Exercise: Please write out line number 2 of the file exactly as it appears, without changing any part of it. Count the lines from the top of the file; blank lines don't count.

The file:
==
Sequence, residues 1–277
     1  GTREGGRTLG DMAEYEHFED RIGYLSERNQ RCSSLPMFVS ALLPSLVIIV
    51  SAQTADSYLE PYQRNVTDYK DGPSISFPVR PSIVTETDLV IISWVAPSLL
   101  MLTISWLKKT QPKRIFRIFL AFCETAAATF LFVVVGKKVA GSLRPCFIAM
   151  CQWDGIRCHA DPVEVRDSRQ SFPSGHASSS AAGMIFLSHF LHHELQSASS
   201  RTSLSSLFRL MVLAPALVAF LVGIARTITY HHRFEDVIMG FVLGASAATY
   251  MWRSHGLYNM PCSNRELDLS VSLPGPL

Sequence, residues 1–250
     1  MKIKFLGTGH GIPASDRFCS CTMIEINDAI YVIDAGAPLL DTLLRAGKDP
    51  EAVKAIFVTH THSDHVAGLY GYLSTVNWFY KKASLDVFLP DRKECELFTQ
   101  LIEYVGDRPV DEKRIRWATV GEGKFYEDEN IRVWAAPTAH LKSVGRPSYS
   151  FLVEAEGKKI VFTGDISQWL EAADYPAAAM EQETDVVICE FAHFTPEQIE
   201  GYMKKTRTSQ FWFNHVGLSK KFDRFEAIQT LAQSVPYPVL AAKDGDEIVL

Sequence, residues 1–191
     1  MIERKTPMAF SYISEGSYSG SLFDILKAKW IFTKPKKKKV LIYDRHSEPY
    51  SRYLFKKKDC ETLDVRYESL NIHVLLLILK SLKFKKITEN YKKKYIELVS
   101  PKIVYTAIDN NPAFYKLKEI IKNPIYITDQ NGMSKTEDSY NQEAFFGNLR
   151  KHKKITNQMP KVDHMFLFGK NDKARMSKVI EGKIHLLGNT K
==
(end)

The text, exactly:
     1  GTREGGRTLG DMAEYEHFED RIGYLSERNQ RCSSLPMFVS ALLPSLVIIV